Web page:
|Why does it take something like the events of Sept. 11 to snap us out of our complacency and spirit us into a whirlwind of patriotism and national pride?|
|Why do children have to know about terrorism in their back yard and a war in Afghanistan to learn about the role of the U.S. Armed Forces and the high price of freedom? To use a phrase I give my kids when I just can’t give an easy answer, “Because, just because.” Or maybe better put, as my mother used to say with a sigh would be, “C’est La Vie.” — “That’s Life” in French.
I often tell others, “We learn from the past, we live in the present and we look forward to the future.” What else can we really do? Without hope we would all be empty inside and never again plant bulbs in the fall with their promise for spring.
In the case of this year’s renewed national pride, rapid rise of the American spirit and the resurgence in giving overdue recognition to those men and women who lost their lives protecting ours, we just embrace it with open arms and salty, trickling tears. To use a title of a well know poem, “Children Learn What They Live”, the coming months and years will teach our children a multitude as they look, watch and learn from the adults around them. Their response to our nations’ heartache will be modeled after ours. Their conversations peppered with fear and anxiety will be mollified by our careful and loving reassurance of our love for them and protection of them. They will constantly be watching us, listening to us and learning from us. It’s time to be accountable. It is time to be the U.S. citizens we claim to be on our 1040 forms each April.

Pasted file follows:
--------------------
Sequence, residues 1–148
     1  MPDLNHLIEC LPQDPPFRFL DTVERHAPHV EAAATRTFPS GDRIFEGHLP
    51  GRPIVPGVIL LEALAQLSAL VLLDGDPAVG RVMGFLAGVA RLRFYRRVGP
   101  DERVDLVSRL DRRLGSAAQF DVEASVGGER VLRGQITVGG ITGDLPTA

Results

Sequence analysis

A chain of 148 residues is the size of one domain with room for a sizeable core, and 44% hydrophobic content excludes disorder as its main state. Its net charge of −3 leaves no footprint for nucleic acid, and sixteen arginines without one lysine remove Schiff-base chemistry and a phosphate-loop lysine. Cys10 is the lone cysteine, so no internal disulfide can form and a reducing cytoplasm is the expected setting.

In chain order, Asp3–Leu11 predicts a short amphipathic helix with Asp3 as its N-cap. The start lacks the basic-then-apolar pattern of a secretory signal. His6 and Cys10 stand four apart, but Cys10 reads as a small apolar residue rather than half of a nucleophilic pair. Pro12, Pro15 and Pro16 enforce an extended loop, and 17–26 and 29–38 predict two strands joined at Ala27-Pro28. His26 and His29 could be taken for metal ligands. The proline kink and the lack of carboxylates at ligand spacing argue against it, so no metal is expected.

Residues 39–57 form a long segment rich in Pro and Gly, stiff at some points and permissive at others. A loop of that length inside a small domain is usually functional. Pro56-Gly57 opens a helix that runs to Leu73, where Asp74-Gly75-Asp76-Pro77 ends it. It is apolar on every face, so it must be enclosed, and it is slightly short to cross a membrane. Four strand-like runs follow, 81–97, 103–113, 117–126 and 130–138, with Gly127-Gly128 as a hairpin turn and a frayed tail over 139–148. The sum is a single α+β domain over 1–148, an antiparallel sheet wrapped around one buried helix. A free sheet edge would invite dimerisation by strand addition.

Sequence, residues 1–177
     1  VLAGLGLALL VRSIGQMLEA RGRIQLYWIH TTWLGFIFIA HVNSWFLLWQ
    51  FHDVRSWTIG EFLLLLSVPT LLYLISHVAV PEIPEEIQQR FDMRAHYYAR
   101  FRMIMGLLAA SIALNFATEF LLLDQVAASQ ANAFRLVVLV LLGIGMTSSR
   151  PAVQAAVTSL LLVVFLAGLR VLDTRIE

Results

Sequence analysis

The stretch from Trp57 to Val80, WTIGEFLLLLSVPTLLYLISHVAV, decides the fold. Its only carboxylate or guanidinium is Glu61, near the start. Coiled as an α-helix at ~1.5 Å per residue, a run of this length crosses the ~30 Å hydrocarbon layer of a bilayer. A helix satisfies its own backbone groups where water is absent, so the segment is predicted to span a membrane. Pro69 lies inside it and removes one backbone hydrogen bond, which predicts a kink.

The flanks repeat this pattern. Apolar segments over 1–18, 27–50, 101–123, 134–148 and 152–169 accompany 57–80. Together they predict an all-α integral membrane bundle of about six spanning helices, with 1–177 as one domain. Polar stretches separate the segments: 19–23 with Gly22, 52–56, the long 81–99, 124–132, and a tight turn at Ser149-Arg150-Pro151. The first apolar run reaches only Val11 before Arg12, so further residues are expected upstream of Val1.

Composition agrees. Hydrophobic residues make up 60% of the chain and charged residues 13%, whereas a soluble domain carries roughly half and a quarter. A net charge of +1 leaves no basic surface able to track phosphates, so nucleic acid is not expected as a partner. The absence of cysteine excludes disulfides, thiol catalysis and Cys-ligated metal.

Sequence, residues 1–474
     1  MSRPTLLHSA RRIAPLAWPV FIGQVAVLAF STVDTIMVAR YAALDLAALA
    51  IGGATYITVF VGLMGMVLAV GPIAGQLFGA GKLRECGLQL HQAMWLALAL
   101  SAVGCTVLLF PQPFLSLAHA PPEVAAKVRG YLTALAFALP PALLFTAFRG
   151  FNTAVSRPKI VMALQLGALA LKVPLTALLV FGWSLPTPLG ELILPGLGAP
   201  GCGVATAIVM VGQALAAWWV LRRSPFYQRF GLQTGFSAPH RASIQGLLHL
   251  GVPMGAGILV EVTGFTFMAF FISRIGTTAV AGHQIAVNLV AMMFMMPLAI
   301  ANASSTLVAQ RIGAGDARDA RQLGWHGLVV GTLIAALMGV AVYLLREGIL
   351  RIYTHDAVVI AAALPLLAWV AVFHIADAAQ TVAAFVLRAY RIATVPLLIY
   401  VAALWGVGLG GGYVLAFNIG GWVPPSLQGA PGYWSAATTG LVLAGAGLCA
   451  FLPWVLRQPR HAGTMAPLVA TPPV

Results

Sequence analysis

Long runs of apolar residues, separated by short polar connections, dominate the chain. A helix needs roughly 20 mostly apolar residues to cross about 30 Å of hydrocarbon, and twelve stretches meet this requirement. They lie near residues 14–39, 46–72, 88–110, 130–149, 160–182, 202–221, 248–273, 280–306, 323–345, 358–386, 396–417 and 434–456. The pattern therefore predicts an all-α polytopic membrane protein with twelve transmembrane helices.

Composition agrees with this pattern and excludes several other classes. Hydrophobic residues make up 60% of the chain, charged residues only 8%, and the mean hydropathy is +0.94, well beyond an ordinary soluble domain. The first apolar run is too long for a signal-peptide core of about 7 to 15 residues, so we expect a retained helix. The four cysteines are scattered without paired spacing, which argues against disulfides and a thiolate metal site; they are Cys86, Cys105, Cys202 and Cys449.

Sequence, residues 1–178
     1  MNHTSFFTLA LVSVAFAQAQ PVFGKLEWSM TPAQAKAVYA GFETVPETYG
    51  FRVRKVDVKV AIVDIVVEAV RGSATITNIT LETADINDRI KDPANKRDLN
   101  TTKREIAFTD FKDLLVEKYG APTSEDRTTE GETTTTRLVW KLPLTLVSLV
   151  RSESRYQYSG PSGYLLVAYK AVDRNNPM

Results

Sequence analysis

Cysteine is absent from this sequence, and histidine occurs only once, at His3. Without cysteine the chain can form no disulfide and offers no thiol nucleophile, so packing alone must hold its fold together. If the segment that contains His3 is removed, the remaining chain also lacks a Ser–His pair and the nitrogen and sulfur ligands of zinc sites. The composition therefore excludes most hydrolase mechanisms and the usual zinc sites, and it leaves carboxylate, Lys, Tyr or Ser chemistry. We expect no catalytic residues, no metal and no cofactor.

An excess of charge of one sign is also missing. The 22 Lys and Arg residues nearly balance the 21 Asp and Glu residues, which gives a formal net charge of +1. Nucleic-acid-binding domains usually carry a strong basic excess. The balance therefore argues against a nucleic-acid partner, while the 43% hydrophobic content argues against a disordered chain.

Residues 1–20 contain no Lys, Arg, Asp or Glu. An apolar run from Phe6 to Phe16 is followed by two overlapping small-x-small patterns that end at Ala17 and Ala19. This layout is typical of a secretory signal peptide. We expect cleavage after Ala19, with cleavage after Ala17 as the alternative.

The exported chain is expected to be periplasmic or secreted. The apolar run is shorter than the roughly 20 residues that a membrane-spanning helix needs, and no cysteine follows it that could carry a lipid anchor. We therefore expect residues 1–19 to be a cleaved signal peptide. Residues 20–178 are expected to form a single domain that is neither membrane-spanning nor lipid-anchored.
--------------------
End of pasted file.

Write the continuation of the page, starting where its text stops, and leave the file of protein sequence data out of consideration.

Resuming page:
Wherever you are this summer, whether it be the ballpark, a graduation ceremony or some other special event, take off your hat and stand when you hear the national anthem played. Sing with gusto whether you’re off-key or not. The veterans who have already paid the price so you can sing, “Let Freedom Ring” can’t hear you, but their families may be right beside you in the bleachers.
Put that right hand over your heart when it’s time to say the Pledge of Allegiance and mean it as much as when you exchanged drops of blood and swore an oath in grade school with your best friend to never, ever rat on each other, ever.
When it’s time for the “Moment of Silence”, no matter what faith you subscribe to, clear your mind for a bit and remember with heartfelt gratitude all those who have served and will serve in the days to come so you can be standing right where you are at that moment, a free citizen of the United States of America.
Originally Published as Show Your Patriotism Everyday in the Hamden Chronicle on May 30, 2002.
And then…this is a letter I received a little bit under a year later.
Monday, April 21, 2003
You don’t know me, but I had to write to say THANK YOU. I received a package today from Vanna Francia who is the mother of a close friend. Vanna, a Hamden employee, received your article entitled “Show Patriotism Every Day.” I felt I just had to respond. See, I am presently serving my country in the Middle East.